Yes, I did plant with K when I mixed Tomato-Tone (NPK 3-4-6) into potting soil at the rate of 1 cup per 2 gallon potting soil .. it has sulfate of potash. That helps with fast growth since potassium is needed for root-growth & flowering. The 18% sulfur in potassium sulfate also helps with growth and dark-green leaves. Since your sulfate of potash NPK is 0-0-50, VERY HIGH in potassium, I would use only 1 Tablespoon mixed with 1 gallon potting soil.

    rosecanadian thanked strawchicago
  • rosecanadian
    Original Author
    2 days ago

    Fragrance came in today. Guess it takes overnight for the glacial till and fish fert. to start working.


    I can see why you use vinegar now and why I don't need to.


    I used 1/2 tsp of potassium 0-0-22 per plant yesterday, and my plan is to fertilize every other day with a weak fish fert./water solution, 1/2 tsp of glacial till and 1/2 tsp of potassium. Do you think this is sound? Or do you think I'm overdoing it? I have no idea.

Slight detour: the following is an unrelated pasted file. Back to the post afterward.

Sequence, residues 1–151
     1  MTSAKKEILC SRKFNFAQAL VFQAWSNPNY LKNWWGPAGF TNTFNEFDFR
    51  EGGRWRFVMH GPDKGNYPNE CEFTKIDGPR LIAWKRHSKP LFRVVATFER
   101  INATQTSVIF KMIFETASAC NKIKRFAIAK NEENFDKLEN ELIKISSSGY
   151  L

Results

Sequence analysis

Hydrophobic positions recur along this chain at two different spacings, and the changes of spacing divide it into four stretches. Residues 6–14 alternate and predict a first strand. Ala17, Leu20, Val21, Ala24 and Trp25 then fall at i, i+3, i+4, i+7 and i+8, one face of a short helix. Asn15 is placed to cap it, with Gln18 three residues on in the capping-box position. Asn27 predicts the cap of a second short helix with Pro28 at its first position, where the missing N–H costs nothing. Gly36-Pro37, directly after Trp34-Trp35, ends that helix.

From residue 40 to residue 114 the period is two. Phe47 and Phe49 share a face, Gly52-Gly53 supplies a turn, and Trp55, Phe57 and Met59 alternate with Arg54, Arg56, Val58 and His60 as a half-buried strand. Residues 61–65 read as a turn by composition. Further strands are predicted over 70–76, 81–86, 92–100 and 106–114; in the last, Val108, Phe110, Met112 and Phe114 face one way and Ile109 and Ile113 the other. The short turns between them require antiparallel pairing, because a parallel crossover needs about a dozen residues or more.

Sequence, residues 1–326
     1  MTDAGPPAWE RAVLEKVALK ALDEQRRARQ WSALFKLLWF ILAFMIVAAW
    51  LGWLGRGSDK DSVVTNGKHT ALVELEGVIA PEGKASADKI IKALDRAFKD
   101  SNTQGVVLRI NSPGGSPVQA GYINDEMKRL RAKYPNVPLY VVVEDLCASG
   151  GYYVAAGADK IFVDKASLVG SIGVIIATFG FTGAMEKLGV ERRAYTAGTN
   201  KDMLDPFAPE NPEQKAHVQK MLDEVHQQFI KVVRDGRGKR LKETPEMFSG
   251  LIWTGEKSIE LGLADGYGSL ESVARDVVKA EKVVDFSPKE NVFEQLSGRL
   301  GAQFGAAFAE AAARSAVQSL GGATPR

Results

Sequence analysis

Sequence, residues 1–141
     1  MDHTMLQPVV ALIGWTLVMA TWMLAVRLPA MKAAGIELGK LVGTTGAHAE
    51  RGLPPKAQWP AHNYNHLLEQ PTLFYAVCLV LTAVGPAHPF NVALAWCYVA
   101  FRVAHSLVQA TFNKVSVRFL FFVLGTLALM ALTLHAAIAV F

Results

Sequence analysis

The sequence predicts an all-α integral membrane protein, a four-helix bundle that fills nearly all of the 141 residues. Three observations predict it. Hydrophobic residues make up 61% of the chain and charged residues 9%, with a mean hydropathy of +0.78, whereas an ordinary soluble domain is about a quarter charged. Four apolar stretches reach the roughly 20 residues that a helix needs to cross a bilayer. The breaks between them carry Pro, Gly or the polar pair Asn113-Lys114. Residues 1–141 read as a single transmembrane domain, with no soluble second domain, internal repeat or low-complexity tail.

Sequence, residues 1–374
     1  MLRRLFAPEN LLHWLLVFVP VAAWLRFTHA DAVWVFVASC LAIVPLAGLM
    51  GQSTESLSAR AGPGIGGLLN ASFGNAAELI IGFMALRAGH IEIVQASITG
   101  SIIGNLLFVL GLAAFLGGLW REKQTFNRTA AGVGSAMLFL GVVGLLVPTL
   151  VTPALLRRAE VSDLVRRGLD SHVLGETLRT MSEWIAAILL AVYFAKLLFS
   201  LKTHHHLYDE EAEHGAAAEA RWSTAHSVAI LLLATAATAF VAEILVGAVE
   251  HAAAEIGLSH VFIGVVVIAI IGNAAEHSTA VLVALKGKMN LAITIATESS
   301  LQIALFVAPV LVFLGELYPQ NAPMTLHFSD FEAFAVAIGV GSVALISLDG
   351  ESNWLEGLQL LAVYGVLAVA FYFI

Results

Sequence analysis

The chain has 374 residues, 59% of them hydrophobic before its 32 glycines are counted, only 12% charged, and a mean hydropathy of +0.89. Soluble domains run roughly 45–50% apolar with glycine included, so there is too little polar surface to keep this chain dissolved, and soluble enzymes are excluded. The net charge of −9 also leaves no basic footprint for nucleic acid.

I found this: Sometimes winter hardiness can be increased by adding potassium in the fall.


    That's interesting, isn't it!

  • flowersaremusic z5 Eastern WA
    2 days ago

    Carol, that is very interesting and I wonder why we cold zoners don't hear about that more often. If we can increase the survival rate of our roses by doing something so simple, why isn't it widely known. I think it would apply to you with your roses in the garage through winter, too. Straw, what do you think about sprinkling potassium around the roses in the fall, or is it better in liquid form?

    My winter survival rate is great since I started using arborist wood chip mulch, but the late spring freezes are brutal. I wonder if a fall dose of potassium would protect against the spring freezes.

    rosecanadian thanked flowersaremusic z5 Eastern WA
  • rosecanadian
    Original Author
    2 days ago

    Flowers - Yeah, we should try this! Might especially help young roses that are more at risk. Good for you for getting better survival by using wood chip mulch!


    I found this about wood chip mulch and potassium. It's a little too technical for me.

    http://www.waldeneffect.org/blog/Do_wood_and_straw_raise_soil_potassium_levels__63__/



  • strawchicago
    yesterday
    last modified: yesterday

    Andrea: I tested high potassium before winter but my Frederic Mistral didn't survive that winter since its roots is shallow. Our rock-hard-clay PUSHES the roots upward in the winter. Chicago Botanical Garden with 5,000 roses has an article of how roots GO DEEPER in loamy & fluffy soil, but roots got pushed up in the winter IN CLAY SOIL SINCE CLAY EXPANDS WHEN IT FREEZES.